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Title: The Learning is In-between: The search for a metalanguage in Indigenous education
Contributor(s): Harrison, Neil Evans (author)
Publication Date: 2005
DOI: 10.1111/j.1469-5812.2005.00163.x
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Abstract: Following the first significant research into Indigenous methods of learning, it was argued that Indigenous students could learn western knowledge using Indigenous ways of learning. Subsequent research contradicted this finding to take the position that indigenous students must learn western knowledge using western methods and so this set the scene for the development of a pedagogy where Indigenous students could learn how to learn. Theorists in Indigenous education began to search for a metalanguage. Crosscultural theorists have perceived this metalanguage in terms of an explicit and transparent pedagogy while critical theorists want Indigenous students to develop their own ways of speaking and writing and to be conscious of how they do this. However, I take the position in this paper that there is already a metalanguage at work in-between the student and the teacher in the classroom although it is often obscured from consciousness in the effort to articulate valid, quantifiable outcomes.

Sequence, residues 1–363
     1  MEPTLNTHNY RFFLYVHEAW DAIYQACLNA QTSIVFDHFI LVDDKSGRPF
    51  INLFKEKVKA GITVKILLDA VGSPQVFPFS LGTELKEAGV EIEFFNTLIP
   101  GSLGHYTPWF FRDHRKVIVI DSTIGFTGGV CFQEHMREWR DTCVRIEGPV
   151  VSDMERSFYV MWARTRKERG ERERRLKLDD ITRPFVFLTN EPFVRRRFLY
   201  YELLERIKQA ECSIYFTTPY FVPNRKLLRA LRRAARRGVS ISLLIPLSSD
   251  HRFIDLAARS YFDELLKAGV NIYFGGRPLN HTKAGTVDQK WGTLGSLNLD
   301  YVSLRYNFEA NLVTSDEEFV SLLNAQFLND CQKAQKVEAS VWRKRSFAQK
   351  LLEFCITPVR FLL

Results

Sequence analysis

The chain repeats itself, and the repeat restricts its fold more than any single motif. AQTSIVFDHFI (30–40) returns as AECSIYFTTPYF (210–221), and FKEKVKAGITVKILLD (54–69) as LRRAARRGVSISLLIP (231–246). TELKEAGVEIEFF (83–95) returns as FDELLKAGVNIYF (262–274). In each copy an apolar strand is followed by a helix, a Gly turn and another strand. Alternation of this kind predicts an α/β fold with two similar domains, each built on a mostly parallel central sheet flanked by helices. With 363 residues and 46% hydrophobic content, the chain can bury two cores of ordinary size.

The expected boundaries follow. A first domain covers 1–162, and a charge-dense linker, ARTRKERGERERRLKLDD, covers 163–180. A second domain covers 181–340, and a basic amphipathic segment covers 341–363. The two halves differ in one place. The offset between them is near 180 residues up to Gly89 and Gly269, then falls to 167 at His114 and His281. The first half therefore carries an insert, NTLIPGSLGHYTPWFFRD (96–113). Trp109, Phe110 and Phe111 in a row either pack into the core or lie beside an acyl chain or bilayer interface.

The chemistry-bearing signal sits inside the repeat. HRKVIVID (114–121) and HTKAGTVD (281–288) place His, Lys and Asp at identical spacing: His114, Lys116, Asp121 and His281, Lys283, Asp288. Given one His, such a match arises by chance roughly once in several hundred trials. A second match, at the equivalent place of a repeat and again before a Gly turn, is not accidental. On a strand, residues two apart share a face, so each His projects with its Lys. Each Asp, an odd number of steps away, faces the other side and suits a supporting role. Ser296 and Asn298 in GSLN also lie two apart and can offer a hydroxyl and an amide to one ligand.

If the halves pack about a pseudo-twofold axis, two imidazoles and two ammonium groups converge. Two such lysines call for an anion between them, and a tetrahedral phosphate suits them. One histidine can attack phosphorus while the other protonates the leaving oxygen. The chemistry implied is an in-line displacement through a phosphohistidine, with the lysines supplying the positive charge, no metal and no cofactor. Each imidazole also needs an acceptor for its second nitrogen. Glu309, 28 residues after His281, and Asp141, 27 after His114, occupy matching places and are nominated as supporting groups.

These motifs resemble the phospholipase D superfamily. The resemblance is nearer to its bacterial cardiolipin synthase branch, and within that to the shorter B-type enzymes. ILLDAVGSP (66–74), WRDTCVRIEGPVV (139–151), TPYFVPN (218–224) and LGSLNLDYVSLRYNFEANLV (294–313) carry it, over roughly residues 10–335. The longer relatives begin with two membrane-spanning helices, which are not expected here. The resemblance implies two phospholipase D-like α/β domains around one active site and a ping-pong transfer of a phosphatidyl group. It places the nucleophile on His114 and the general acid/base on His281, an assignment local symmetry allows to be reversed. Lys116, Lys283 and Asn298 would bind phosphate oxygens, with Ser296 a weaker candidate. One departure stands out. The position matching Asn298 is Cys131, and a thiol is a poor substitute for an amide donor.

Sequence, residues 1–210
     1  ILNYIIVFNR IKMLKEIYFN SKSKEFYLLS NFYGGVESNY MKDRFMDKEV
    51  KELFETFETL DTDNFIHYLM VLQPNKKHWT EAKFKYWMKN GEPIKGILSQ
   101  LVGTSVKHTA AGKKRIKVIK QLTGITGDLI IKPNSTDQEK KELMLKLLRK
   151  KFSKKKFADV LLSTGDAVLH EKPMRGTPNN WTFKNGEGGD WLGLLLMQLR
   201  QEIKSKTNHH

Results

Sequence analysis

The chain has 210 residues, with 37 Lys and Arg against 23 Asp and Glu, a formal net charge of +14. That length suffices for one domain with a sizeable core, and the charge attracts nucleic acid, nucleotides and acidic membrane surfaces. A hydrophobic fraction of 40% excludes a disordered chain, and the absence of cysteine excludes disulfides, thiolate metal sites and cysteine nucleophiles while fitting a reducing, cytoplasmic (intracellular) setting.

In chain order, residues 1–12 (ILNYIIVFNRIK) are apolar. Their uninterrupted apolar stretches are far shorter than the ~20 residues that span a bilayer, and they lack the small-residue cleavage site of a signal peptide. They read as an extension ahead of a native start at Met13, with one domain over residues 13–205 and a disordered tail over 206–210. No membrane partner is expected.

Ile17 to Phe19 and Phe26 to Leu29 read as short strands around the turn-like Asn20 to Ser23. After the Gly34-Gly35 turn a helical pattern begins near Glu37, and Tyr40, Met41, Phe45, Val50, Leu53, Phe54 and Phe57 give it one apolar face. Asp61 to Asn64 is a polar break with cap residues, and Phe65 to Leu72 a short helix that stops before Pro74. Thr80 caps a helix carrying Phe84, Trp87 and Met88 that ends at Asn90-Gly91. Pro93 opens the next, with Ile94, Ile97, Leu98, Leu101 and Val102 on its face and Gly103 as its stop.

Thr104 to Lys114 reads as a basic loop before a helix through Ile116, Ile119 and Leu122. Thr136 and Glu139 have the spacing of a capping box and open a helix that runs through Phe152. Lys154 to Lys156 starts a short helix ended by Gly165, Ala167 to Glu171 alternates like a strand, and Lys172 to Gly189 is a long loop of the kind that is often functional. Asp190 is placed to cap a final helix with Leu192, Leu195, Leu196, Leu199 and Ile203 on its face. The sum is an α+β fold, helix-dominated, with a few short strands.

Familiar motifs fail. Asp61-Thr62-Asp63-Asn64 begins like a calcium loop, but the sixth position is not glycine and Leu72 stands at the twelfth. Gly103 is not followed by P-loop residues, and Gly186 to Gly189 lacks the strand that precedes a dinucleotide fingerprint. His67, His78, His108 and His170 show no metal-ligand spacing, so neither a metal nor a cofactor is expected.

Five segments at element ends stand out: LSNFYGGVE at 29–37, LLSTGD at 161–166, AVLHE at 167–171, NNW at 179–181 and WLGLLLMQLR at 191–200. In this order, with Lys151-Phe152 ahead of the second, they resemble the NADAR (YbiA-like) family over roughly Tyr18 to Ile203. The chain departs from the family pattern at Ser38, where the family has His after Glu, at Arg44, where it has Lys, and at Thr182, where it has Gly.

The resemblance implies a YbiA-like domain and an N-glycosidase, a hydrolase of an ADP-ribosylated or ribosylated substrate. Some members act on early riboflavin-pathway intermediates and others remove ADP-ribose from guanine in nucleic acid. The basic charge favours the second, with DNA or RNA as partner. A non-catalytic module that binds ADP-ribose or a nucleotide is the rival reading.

Publication Type: Journal Article
Source of Publication: Educational Philosophy and Theory, 37(6), p. 871-884
Publisher: Blackwell Printing
Place of Publication: Oxford, United Kingdom
ISSN: 1469-5812
Field of Research (FOR): 220202 History and Philosophy of Education
Peer Reviewed: Yes
HERDC Category Description: C1 Refereed Article in a Scholarly Journal
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